Career Strategies for Librarians
From Library School to Museum Library: Cataloging as an Unlikely Career
by Heather Harrington

Cataloging. That “dreaded chore” of librarians is something most library school students resist tackling
as much as possible. Who can blame them? Cataloging is in itself always imperfect, and the rules
constantly change. Yet as I have learned from personal experience, it can be a valuable job tool. It can
also be very satisfying. In the interest of encouraging current and future students of library science to
pursue cataloging opportunities, I wish to share my experience.

Archives and Library Science

My story begins during my internship in library science. As my concentration was archives and records
management, I was placed at the library of a local museum. Part of my job was to catalog new books
that came into the library. This involved filling in a worksheet of MARC fields. I had the directions for the
sheet and my own brief knowledge of MARC gained from an archival methods class. I thought it would
be easy, and I would learn as I went. After filling out several sheets, it became clear that I did not know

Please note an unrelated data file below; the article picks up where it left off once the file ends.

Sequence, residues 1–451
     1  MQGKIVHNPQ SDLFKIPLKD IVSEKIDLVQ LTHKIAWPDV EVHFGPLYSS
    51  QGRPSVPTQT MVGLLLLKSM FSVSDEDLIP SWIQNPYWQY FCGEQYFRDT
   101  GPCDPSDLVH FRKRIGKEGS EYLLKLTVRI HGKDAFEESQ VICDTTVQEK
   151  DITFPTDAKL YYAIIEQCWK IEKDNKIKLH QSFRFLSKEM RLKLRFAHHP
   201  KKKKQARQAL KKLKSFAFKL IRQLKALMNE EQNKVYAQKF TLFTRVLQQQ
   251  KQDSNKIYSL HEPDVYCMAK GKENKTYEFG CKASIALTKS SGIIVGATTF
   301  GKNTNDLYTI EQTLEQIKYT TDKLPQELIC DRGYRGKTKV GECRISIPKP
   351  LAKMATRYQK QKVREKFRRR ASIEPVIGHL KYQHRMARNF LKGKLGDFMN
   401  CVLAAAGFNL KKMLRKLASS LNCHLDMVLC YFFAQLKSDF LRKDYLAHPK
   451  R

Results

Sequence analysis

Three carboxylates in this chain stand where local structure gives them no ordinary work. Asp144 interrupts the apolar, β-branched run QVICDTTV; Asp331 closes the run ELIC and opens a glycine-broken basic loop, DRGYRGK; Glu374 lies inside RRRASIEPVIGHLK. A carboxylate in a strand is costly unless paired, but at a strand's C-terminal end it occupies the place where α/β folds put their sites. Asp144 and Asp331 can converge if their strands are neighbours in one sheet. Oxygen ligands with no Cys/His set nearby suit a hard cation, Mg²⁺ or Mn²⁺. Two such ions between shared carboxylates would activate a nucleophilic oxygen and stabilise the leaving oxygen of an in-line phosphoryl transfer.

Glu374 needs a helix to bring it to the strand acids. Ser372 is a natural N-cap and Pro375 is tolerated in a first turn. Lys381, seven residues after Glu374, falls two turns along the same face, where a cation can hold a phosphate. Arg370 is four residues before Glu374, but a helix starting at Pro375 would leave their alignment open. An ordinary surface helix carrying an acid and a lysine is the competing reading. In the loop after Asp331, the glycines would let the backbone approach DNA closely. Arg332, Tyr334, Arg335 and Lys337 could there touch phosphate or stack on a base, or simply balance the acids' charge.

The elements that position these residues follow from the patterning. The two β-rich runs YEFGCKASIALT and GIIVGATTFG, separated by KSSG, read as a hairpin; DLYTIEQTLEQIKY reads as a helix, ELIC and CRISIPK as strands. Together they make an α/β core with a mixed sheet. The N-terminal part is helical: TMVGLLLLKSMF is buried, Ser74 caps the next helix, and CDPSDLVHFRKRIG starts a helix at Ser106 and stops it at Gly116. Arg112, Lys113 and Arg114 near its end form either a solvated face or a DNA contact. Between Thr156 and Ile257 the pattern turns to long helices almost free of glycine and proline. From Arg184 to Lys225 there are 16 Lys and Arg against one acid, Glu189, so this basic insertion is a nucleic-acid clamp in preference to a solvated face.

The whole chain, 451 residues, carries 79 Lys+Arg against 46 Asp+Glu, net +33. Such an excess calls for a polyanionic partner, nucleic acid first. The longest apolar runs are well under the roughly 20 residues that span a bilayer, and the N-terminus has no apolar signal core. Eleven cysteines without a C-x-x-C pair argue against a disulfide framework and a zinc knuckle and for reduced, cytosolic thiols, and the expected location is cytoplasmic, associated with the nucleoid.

what I was doing, and that I would not learn the necessary skills this way. By the end of the internship I
had decided that I would take the cataloging course my next semester, which happened to be my last.

The cataloging course was not a requirement for my concentration. Until my internship, my feeling was
that since the class dealt with cataloging books in libraries, it would not help me in archives. After all, I
thought, archives do not catalog mass-produced books and periodicals as public and academic
libraries do. However, I now know that belief is entirely false. In fact, I now believe that cataloging is a
skill that everyone in library science should have.

Cataloging Class

At first, the class seemed like it would be easy. We spent a few weeks going over different classification
schemes, like Dewey and Library of Congress. I found this part interesting, but not terribly exciting. I had
already learned much of it just from using and working in libraries. Then we got into the hard stuff. We
began cataloging. We learned the different MARC tags and subfields. Our first assignment was to
catalog some books using five MARC tags. This seemingly simple assignment ended up taking me
several hours and days beyond what I expected. I refused to believe the instructor when she said it
would get easier. How could it? The MARC tags were only getting harder, and the workload was

By the middle of the semester, my time per catalog entry was decreasing, but I still continued to make
mistakes. It was hard to keep the different indicators and rules straight. By this point, I had developed a